Remember co-workers? Those annoying people who you’re forced to share an office with — some of them friends, but most of them insufferable. If you’re anything like me, one of reasons for starting a home business was to get away from these people. And yet, when you do work at home all day, every day, you might find that you start to miss that kind of companionship, and feel more than a little lonely.
Picture the scene. You get up for another day of work. Your husband or wife has already left, since they have to get up earlier to commute to their job. Your children are at school. All the neighbours are at work. Your house feels deserted, and your neighbourhood feels like a ghost town.
It’s all too easy to become enormously demotivated in this situation, and to begin to feel like your work is pointless. Worse, when you get stuck or something bad happens, you have no-one to turn to — at work, you were all in it together, but now it’s just you, out on your own.
Even if you don’t feel like it’s affecting you, the lack of human interaction could be causing you quite a few problems. Ask yourself honestly if you’ve been more irritable than usual recently, found yourself lacking in energy, or felt upset or sad without being able to figure out the reason why. If you have, then it could be related to home-worker loneliness.
The Power of the Web.
Since you’ve presumably got a computer and Internet access on your office computer, you might find it worthwhile to get on a search engine and find a few forums for your industry, especially ones dedicated to people who run home businesses. You might think what you do is too obscure, but it’s a big web out there.
Finding friends on web forums can be good for replacing the lost interaction with co-workers. More than that, it can offer you a good outlet for your frustrations and problems — many of the people you’re talking to will have been through the same thing themselves, and will be more than happy to sympathise with you and offer advice.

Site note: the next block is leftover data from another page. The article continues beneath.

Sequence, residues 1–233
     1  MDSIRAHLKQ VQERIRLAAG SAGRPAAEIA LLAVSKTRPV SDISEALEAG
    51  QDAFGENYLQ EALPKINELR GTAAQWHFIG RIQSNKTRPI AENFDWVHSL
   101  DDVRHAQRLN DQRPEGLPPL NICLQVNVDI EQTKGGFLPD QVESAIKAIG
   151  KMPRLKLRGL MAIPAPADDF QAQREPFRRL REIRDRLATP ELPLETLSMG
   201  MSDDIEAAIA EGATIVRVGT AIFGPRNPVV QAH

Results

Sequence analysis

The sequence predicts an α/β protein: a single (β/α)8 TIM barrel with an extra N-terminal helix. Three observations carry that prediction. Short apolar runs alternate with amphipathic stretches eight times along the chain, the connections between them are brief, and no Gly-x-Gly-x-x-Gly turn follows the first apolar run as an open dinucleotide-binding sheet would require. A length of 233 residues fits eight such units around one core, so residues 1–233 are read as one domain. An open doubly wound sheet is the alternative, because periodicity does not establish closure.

There’s only one thing to be careful of, though: don’t let chatting about everything and nothing on the web interrupt your work. Give yourself a certain amount of time each day to talk to your newfound ‘colleagues’, and don’t go over it. You don’t want to be sitting there pressing ‘Refresh’ on a long discussion when you should be getting some work done, do you?
Get to Know Your Clients.
Here’s a good way to turn your loneliness into an advantage: make your clients your friends! The customers that will be the most loyal to you are the ones that trust you and know you, and going to meet with them sometimes as a friend can be rewarding on both a personal and a business level.
Associations, Groups and Societies.
If you look, you might be surprised at how many things there are out there that you could join. Perhaps your area has a Homeworkers’ Society, or an association for your industry that holds regular meetings? Go along, and you could find some new friends, as well as some good business contacts. Two or three groups should be enough.
Go to a Coffee Place Sometimes.
You’ve seen those people who seem to be doing work in Starbucks, right? Well, they’ve figured out something valuable — being at home alone all day sends you crazy, and it’s nice to get away sometimes and have some coffee while you work. Over time, you’ll even become a regular, and people there will start getting to know you.
Use Your Breaks to Contact People.
Most people have a list a mile long of friends and family that they’ve been meaning to get in touch with for ages, but never seem to have the chance. A great thing to do can be to make a big list of all these people, and then phone or email one of them each week, in one of your breaks. Not only does this fight loneliness, but it’s also a plain fun and nice thing to do.